Explorers Discover Huge Cave and New Poison Frogs
A cave so huge helicopters can fly into it has just been discovered deep in the hills of a South American jungle paradise.
Actually, "Cueva del Fantasma"—Spanish for "Cave of the Ghost"—is so vast that two helicopters can comfortably fly into it and land next to a towering waterfall.
It was found in the slopes of Aprada tepui in southern Venezuela, one of the most inaccessible and unexplored regions of the world. The area, known as the Venezuelan Guayana, is one of the most biologically rich, geologically ancient and unspoiled parts of the world.
This is the first geographic report and photographic evidence of such an immense cave. However, researchers say, it isn’t really a cave, but a huge, collapsed, steep gorge.
As a bonus, researchers also discovered a new dendrobatid frog species, Colostethus breweri, named for the frog’s identifier, Charles Brewer-Carías. Dendrobatid frogs make up the group of amphibians commonly known as "poison dart" frogs.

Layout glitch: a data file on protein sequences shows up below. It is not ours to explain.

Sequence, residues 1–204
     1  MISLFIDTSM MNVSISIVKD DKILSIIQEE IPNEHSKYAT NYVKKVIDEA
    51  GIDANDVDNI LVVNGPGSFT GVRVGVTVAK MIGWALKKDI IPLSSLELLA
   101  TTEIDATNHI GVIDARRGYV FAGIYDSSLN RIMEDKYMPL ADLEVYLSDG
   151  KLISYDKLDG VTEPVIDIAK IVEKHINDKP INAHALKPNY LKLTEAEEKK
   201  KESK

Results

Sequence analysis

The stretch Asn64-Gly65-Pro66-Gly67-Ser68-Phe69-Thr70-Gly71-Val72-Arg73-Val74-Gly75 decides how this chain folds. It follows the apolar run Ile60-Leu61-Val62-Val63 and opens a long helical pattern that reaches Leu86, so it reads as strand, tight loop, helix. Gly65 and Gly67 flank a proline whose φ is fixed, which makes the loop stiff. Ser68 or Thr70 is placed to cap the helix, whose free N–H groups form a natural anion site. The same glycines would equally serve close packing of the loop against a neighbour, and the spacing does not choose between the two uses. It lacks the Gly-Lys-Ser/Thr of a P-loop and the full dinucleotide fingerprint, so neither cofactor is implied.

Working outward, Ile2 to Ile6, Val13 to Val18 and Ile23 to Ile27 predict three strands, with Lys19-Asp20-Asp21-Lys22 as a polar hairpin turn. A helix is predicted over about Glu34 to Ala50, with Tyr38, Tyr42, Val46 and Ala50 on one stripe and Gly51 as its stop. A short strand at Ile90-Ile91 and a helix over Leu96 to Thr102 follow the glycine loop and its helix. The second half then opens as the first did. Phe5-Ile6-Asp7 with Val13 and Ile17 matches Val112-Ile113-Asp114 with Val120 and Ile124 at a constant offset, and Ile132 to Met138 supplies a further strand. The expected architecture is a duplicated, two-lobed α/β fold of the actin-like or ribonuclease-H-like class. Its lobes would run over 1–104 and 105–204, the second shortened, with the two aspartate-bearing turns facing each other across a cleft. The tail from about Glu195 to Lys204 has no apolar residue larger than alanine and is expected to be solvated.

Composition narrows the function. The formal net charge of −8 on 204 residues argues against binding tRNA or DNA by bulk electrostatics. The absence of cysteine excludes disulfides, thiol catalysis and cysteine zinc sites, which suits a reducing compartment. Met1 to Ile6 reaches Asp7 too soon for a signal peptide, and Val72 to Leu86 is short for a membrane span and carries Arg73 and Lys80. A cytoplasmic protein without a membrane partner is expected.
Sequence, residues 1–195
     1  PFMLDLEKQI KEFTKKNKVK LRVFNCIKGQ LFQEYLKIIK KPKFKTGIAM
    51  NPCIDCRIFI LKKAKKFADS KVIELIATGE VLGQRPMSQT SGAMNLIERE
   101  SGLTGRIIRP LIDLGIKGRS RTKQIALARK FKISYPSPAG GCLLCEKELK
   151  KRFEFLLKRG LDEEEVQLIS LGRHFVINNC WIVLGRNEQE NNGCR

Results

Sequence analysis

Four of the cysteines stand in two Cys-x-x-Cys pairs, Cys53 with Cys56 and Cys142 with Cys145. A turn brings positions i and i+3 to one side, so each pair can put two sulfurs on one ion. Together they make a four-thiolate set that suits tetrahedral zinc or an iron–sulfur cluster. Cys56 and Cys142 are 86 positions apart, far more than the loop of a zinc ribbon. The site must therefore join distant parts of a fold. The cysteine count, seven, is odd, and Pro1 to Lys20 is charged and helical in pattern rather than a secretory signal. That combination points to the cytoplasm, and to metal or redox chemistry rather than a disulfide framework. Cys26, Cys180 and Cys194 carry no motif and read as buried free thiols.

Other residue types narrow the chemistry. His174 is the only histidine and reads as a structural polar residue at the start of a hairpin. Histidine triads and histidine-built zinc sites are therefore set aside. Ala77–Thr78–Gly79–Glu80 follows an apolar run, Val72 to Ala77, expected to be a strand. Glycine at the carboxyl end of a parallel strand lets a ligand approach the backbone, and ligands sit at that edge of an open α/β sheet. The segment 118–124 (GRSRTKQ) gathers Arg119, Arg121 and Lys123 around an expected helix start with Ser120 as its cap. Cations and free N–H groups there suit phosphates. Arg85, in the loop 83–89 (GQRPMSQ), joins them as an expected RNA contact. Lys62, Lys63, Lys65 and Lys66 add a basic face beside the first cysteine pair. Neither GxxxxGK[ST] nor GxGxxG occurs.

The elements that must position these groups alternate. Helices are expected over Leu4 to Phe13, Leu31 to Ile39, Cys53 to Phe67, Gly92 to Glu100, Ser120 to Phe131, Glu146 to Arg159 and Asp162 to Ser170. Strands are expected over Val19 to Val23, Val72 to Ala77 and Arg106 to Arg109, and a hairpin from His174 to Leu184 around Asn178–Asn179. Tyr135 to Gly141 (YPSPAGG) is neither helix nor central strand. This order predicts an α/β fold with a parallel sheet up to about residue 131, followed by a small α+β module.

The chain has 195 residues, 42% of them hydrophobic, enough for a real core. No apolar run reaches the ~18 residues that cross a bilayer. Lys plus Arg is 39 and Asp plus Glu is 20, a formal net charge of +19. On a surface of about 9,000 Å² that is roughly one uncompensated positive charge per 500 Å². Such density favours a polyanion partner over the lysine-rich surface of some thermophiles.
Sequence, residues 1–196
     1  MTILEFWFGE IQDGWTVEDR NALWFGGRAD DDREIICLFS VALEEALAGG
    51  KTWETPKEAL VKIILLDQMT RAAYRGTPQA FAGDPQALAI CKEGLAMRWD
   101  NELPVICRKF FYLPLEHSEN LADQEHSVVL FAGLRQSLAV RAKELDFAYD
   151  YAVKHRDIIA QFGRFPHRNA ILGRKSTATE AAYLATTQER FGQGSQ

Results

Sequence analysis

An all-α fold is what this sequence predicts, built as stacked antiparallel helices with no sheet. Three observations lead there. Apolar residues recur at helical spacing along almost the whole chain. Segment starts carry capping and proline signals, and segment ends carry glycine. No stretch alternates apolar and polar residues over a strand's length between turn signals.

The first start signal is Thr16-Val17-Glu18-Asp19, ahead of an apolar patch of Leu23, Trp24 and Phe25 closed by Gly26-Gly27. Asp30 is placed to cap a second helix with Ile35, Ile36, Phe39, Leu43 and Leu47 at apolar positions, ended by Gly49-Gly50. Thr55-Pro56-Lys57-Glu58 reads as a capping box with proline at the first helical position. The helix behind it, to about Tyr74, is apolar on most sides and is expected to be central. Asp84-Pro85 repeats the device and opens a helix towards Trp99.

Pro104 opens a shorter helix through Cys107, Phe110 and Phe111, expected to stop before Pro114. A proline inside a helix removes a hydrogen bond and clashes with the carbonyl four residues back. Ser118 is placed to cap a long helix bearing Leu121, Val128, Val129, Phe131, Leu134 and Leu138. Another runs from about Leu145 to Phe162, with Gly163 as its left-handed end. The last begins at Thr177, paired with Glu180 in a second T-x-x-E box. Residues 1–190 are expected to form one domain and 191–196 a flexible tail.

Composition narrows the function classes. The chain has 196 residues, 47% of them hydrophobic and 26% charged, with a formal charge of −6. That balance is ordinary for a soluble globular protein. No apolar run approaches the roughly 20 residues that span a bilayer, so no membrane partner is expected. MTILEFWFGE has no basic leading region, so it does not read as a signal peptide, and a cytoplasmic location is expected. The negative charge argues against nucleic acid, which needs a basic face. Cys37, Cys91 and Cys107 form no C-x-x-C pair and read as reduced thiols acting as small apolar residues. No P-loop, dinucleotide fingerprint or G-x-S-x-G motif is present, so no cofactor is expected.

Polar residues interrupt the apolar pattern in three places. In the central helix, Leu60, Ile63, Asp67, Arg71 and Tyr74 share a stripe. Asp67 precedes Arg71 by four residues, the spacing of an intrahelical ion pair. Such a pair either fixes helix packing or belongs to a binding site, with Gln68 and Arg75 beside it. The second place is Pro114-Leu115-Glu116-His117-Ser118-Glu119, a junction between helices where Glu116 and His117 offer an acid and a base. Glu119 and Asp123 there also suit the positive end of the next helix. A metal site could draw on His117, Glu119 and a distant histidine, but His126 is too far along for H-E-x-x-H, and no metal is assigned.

This is the second report recently to describe a newfound paradise of sorts containing previously unknown animal species.
Scientists distinguished C. breweri from its close relatives by its particular skin pattern, absence of fringes on fingers, moderate toe webbing, tongue characteristics, and yellow and orange coloration on its undersides. It is described as a fast-moving frog that lives along creeks and in quiet pools along small streams along the slopes near the cave.
This is the eighteenth described species of Colostethus discovered in Venezuelan Guayana.
This discovery, not widely reported, was detailed in the Jan. 17 issue of the journal Zootaxa.
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By Briley Lewis
By Harry Baker